Anja Oed is a lecturer at the Department of Anthropology and African Studies, Gutenberg University of Mainz/Germany, and the Head of the Jahn Library for African Literatures. Her research interests include African literatures, Yorùbá literature and video film adaptations, African literary cityscapes, and literary representations of African civil wars. She obtained her PhD at the School of Oriental and African Studies, University of London. She holds an MA in English Literature and Linguistics, Musicology, and Anthropology from the University of Freiburg (Breisgau) as well as an African Studies Certificate from the University of Massachusetts at Amherst.

Christine Matzke has recently moved to the University of Bayreuth/Germany after teaching in the African Studies Department at the Humboldt University, Berlin. Her research interests include African (specifically Eritrean) theatre, African literature in English, and postcolonial crime fiction. She is the co-editor of African Theatre: Diasporas (2009) (with Osita Okagbue), Of Minstrelsy and Masks: The Legacy of Ezenwa-Ohaeto in Nigerian Writing (2006) (with Aderemi Raji-Oyelade and Geoffrey V. Davis) and Postcolonial Postmortems: Crime Fiction from a Transcultural Perspective (2006) (with Susanne Mühleisen).


Accompanying material:

Cross-reference:

Reviews

Würde man heute, zum Beispiel während einer Podiumsdiskussion, das Publikum bitten, Namen afrikanischer Krimischriftsteller zu nennen, dann würde man garantiert genannt bekommen: Deon Meyer und Roger Smith, wahrscheinlich noch Alexander McCall Smith. Die beiden erstgenannten Autoren sind zur Zeit hochaktuell. Der Name McCall Smith tendiert so langsam zum Vergessen. Aber was ist z.B. (um nur sehr wenige Namen zu nennen) mit Wessel Ebersohn oder James McClure? Die Krimis beider Autoren erschienen in der (inzwischen lange eingestellten) Reihe rororo thriller. Niemand würde sich an diese beiden Autoren erinnern. Mongo Beti (Kamerun), Meja Mwangi [...] [Kenia], Pepe[te]la (Angola - "Pepe[te]la" ist übrigens das Pseudonym von Artur Carlos Maurício Pestana dos Santos, ehemaliger Vize-Bildungsminister Angolas) - drei Autoren, deren Krimis im Unionsverlag Zürich erschienen (u.a. in der von Thomas Wörtche bestens geschaffenen und betreuten Utmetro Reihe) - niemand würde sich erinnern. Für diejenigen, die mehr über afrikanische Kriminalliteratur erfahren möchten, dürfte der Sammelband "Life is a Thriller" von höchstem Interesse sein. Vom 9. bis 12. Januar 2008 kam eine Gruppe von Autoren, Professoren und Dozenten, Journalisten und Verleger aus Afrika, Europa und Nordamerika zusammen, um sich an der Johannes Gutenberg Universität in Mainz während des 9. Internationalen Janheinz Jahn Symposiums auszutauschen und zu diskutieren. Thema war "Beyond 'Murder by Magic'" - ihnen ging es darum, einen tieferen und differenzierten Blick in die afrikanische Kriminalliteratur zu werfen. Diskutiert wurde afrikanische Kriminalliteratur, die in neun verschiedenen Landessprachen erscheint: Afrikaans, Englisch, Ewe, Französisch, nördliches Sotho, Portugiesisch, Suaheli, Yorùbá und Zulu. Die beiden Herausgeber haben eine Auswahl der interessantesten Beiträge dieses Symposiums zusammengestellt, welche die verschiedenen nationalen Kriminalliteraturen des schwarzen Kontinents darstellen. Für Interessierte dürften sich mit diesen Beiträgen einige der weißen Flecke[n] auf der literarischen Landkarte Schwarzafrikas verflüchtigt haben. Ausführliche Bibliographien weiterführender Literatur beschließen jeden Essay. Zudem werden neben den hier publizierten Vorträgen bzw. Diskussionsbeiträgen sechs Interviews mit afrikanischen KrimiautorInnen angeboten. Und höchst erfreulich ist die "Checklist" afrikanischer Kriminalromane in englischer Sprache, die allen Interessierten einen umfassenden wie genauen Blick in die afrikanische Krimialliteratur erlauben wird.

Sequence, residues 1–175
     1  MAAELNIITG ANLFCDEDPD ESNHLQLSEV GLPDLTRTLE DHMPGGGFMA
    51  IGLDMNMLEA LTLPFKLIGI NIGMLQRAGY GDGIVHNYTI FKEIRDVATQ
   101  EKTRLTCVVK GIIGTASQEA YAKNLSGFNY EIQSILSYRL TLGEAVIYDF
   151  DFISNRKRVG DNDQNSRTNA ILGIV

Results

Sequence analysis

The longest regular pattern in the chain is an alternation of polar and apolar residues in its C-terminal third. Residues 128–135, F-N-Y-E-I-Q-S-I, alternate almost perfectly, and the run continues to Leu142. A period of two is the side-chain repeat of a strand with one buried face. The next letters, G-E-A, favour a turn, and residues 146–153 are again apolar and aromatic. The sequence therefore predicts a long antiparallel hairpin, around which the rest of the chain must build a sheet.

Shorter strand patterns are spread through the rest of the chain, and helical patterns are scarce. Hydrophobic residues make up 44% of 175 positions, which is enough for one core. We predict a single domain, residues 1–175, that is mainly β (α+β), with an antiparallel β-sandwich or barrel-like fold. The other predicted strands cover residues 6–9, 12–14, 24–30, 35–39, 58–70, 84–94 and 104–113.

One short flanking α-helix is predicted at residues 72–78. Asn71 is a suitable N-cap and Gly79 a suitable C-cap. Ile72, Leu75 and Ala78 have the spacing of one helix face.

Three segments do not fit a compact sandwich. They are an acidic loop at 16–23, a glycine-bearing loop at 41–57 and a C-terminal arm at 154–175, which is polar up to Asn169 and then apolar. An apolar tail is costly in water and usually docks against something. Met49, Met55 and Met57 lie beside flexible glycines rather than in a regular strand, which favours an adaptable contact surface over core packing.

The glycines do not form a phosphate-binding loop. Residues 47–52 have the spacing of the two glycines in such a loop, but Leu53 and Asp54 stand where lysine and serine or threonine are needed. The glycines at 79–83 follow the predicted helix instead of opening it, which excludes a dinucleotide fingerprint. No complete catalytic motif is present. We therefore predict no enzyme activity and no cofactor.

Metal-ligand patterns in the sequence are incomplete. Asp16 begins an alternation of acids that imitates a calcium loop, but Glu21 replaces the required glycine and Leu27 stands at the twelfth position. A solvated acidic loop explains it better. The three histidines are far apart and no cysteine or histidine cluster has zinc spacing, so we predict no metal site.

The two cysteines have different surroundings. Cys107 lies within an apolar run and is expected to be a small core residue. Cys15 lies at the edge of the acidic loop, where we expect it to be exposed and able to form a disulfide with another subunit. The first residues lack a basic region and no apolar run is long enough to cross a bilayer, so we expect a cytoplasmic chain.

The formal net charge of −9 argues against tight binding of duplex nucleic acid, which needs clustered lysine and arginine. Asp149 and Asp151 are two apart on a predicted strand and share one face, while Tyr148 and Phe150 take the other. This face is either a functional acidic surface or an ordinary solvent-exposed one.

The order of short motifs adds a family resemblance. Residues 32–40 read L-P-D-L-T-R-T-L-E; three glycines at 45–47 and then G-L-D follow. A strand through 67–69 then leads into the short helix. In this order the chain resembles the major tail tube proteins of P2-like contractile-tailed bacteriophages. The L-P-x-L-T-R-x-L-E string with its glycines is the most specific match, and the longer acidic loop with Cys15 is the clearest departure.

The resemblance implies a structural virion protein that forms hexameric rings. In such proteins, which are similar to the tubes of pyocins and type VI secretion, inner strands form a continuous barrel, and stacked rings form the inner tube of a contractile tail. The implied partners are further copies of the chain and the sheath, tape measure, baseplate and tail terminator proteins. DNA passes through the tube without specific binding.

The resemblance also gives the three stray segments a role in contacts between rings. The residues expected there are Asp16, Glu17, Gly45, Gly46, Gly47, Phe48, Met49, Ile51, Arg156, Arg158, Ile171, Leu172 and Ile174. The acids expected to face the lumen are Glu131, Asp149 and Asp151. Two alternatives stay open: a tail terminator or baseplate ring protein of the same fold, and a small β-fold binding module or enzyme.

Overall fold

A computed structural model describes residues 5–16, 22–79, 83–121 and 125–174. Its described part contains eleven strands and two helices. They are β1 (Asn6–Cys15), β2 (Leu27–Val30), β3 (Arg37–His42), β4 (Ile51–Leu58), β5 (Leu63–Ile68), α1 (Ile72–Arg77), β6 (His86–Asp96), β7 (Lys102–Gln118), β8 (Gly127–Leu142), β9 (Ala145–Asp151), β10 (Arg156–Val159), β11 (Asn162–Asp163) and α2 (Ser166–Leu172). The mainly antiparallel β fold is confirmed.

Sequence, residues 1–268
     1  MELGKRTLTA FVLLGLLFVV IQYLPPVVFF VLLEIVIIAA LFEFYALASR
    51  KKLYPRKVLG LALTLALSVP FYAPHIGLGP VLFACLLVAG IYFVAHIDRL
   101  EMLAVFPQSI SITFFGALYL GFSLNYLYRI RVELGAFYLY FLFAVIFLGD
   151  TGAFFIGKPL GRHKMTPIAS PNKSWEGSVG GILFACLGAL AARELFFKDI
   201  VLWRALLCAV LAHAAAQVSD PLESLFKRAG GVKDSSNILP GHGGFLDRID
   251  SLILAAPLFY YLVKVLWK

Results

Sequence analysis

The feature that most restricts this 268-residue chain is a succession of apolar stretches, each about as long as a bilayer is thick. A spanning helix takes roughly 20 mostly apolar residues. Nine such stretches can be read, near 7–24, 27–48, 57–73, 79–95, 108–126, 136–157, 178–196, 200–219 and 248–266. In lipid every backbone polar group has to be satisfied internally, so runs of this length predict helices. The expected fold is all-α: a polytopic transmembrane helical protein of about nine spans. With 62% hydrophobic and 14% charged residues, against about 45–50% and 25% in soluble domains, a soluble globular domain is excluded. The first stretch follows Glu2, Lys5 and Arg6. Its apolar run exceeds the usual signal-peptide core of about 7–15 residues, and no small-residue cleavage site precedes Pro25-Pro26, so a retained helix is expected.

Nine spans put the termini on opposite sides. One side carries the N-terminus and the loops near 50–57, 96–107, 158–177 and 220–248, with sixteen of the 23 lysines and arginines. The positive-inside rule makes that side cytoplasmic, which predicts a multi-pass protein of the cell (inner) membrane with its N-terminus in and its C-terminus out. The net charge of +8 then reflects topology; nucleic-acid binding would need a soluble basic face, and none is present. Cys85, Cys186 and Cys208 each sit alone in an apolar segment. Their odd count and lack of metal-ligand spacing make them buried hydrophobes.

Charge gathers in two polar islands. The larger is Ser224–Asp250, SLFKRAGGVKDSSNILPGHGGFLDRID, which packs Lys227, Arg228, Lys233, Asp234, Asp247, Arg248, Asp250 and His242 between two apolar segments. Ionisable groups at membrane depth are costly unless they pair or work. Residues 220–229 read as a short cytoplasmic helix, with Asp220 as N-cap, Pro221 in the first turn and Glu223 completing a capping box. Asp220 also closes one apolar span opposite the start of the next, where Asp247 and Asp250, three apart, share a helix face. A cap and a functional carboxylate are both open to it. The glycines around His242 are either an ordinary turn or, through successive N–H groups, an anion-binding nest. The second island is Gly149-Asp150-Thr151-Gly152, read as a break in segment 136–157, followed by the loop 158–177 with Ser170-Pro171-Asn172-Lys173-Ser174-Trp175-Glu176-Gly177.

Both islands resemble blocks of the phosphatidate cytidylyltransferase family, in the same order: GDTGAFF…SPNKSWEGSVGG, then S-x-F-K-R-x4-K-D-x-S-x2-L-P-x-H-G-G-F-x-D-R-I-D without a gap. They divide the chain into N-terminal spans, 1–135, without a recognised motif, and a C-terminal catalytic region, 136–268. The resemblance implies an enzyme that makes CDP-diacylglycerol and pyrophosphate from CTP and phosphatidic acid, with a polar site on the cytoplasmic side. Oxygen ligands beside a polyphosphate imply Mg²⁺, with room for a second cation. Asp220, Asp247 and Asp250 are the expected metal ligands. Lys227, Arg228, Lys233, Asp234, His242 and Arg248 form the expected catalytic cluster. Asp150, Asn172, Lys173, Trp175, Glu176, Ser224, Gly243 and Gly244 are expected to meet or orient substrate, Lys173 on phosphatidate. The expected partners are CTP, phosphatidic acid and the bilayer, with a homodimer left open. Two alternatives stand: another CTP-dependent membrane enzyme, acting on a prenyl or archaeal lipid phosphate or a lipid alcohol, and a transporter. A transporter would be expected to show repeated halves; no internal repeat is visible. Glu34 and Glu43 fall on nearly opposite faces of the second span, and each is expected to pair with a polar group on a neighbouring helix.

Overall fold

Thomas Przybilka in Bonner Krimi Archiv (BOKAS), Sekundärliteratur 59, pp. 1

One of my secret pleasures is to read fiction and call it 'work' although I have not yet reached the stage of claiming the purchase price of popular novels against tax. This volume helps me justify and validate the practice as one of the secrets of a highly effective Africanist. The last two decades have seen a great increase in the number of thrillers and whodunnits by African authors and with African settings. Some of them have considerable literary merit and have earned an international readership. Most engage with political and economic issues. Now they are attracting serious scholarly attention.

[see the full review text following the link below]

Terry Barringer in African Research & Documentation, 123/2013, pp. 59-60

PDF documents:

PDFReview in “African Research & Documentation” 2013, 59-60(≈ 229 kB)